The rest of us cry silently because what's the point of trying to explain it to the ignorant 90%?

Jury's still out on how Sissy is going to do on geodon. She's getting hyper spazzy and her respite provider and I agreed this evening it's time for a call to the pdoc. Sissy's individual therapist asked her to journal her thoughts about returning to RTC (still waiting for paperwork - UGH!) and all Sissy had was I'd be sad and homesick.

I got a lot done this weekend on quilts and such and will post pictures later as I have unfinished work still waiting on me at the table and I want to post it all at once.


Chris P-M said...

I just recently found your blog, and it's refreshing to see someone else's honesty about their situation! I have two kiddos who are adopted, one of whom with significant developmental days....and YEAH, it seems no one seems to GET it! (Even the "professionals") I also miss the days of "wandering the globe in ignorant bliss." Thanks for your candid-ness. It helps me feel less alone in our struggles!


Bren said...

We have seen 11 "professional" therapists and they passed us around to each other like an ugly step-child. I gave up....NO professionals for us.
Quilt-retreat...what nicer words are there? We ALL have had a sticky kitchen table for a sewing room at one point or another. I have a HUGE sewing room in my basement all finished and beautifully done up, yet I find myself doing much of my quilting at the kitchen table anyway! PLUS hand quilters do not need all the fancy stuff....no big deal machines or expensive gadgets here either. A 2 dollar thimble, a pack of needles and a spool of thread and I am good!

Lisa said...

I am so...glad you were able to go on the quilt retreat - but I get ya about feeling out of place anyway. I can talk for HOURS/DAYS even about my kids issues and our struggles (if only there was someone to hear me, sigh) to find good mental health "help", but I feel completely ignorant about every other subject in the world at this moment. The search for help is all-consuming, almost smothering. My son's pdoc put him on a very old, powerful anti-psychotic the other day - as needed - for his long rage fests. It didn't even phase him. The pdoc assured me that if he took this pill, he'd be out for 4-6 hours (sleeping soundly) - didn't even make him drowsy. So, we go in today and he talks to him about his choices - to do nothing, contribute nothing to the family or the world in general, to keep demanding that others serve him. Big deal, it's the same speech over and over. My son cares about absolutely no one and nothing and will flatly tell you that he's not interested in changing. So, what do we do with him? He's not my only child with issues, he steals all of my time. We are looking into respite (that we still cannot afford) once again and I am DETERMINED to go thru with it. I am sick of people trying to diminish his issues and them telling us how sweet he is. He's not sweet, he can act sweet when he wants something and he thinks he'll get it. He can also be violent and aggressive and scream for hours if he doesn't think he'll get what he thinks he wants (and that's always changing from moment to moment) - but everyone ignores that aspect of who he is.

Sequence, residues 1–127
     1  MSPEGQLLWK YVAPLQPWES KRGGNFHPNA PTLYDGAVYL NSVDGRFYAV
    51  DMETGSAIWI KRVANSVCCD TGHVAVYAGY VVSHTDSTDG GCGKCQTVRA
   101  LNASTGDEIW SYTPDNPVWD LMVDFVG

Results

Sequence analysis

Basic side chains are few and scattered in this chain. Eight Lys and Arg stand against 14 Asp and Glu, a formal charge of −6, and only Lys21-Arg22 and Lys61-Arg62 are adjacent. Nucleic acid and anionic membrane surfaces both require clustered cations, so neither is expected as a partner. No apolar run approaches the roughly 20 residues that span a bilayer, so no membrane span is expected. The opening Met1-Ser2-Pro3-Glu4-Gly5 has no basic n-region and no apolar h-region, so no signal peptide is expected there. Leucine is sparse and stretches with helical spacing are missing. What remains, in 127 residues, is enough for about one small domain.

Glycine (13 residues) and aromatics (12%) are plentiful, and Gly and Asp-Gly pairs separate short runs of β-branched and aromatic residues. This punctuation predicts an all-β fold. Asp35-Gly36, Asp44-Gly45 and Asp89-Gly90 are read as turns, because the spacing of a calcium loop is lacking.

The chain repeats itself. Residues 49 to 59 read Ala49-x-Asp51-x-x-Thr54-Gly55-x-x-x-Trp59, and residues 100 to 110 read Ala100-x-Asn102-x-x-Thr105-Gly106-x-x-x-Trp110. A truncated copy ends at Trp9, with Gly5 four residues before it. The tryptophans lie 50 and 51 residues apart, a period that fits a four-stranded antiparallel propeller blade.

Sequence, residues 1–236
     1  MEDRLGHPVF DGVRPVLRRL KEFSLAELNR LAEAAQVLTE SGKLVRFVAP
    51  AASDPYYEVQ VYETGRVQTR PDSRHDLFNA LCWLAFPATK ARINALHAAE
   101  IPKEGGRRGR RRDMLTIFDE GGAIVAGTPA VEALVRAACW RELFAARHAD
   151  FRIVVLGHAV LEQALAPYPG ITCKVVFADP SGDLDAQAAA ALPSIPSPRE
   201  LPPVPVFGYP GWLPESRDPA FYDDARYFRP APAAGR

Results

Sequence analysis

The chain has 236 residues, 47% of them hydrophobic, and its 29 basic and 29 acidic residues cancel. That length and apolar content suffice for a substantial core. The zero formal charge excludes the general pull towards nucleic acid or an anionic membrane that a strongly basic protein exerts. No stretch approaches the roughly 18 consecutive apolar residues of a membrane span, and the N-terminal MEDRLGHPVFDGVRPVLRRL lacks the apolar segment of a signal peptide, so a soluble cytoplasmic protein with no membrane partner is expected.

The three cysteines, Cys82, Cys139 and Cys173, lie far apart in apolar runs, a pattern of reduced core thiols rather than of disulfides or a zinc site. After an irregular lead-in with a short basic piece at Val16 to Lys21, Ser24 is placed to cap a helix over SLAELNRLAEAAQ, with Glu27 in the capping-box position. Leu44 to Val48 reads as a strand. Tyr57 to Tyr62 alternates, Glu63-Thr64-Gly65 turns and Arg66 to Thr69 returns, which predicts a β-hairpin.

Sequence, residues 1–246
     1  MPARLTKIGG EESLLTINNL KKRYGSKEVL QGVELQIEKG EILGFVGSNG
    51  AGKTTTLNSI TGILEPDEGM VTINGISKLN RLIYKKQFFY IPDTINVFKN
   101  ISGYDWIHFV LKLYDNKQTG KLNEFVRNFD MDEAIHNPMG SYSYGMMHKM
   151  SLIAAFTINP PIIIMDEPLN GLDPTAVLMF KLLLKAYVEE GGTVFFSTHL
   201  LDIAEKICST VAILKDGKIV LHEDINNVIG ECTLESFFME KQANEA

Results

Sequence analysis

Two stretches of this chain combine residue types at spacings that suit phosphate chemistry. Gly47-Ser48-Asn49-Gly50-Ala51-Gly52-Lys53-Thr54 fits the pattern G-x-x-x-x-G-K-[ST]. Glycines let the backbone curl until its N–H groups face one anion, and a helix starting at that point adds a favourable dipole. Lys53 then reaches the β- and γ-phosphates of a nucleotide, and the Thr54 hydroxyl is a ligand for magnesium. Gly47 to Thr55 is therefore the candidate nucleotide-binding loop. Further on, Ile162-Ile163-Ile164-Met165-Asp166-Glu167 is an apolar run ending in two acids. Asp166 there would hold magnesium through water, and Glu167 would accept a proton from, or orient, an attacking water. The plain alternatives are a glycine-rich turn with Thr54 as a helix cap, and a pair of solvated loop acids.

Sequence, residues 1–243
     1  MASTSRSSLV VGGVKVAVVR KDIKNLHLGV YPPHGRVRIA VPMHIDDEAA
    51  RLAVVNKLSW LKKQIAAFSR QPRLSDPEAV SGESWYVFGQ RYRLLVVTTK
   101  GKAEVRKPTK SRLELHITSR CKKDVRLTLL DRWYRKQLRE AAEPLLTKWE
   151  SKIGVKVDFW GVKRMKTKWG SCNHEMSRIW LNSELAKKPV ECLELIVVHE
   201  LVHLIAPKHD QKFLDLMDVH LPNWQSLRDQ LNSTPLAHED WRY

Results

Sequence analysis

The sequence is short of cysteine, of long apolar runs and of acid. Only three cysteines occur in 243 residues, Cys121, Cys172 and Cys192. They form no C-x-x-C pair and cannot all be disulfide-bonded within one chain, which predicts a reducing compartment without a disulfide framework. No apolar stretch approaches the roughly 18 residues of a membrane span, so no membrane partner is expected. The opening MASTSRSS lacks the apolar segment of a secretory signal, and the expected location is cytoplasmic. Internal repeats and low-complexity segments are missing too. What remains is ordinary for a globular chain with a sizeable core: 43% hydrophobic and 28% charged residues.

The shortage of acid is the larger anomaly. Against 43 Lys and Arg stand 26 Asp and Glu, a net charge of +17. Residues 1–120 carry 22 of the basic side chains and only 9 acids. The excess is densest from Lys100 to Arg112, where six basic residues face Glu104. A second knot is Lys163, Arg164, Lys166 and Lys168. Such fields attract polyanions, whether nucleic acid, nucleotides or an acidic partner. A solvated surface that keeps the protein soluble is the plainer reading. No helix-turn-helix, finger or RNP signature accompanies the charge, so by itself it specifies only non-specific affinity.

I completely get how you feel about money. I have been trying to dig our family out of debt for the past two years - debt that was incurred because we have crappy insurance and we were SURE we needed to try therapies and learning programs that weren't covered for several children who couldn't be bothered to put in any effort. Talk about eye-opening! We originally had about $70,000 in debt from these therapies/medical procedures, etc. We could have put an addition on our house (a quiet room for one), bought new vehicles, taken a vacation or paid for regular respite with that money. I am just sick of all the sacrifices we're making right now. I know we wouldn't be doing it if we didn't love our kids so much, but whenever my son complains about something not being fair, I just want to run away - or scream at him (I do neither, don't turn me into cps).

Integrity Singer said...

@ lisa - i'm so sorry you have had such a time of it! It pays to be poor in the sense that getting Sissy (and very soon, AB) declared medically disabled means we qualify for social security income. But that said, reading the article in our local paper this week, even WITH the SSI, our annual income is marginally better than a local police officer's salary which is less than half of the average family annual income for our community.

in other words, to qualify for SSI, you have to live at or below 125% of the poverty level.

BUT, the trade off is free respite, therapies, RTC and doctors for my disabled kids. sure, I live poorly, my shoes are worn, my clothes are from goodwill, and WG goes to dance lessons on a scholarship (because the owner felt sorry for her) but it's less hassle ... mostly. :)


come to Orlando if you can

Elizabeth-Anne said...

Thank you for being real; how else can we see the light of God in your life except that you be willing to show us the darkness?


J. said...

I hear you. Re-entry has not be too tough here but I really sort of felt the same way all weekend except for when i was Laurie, she gets it. Hang in there, may the coming week be a calm one.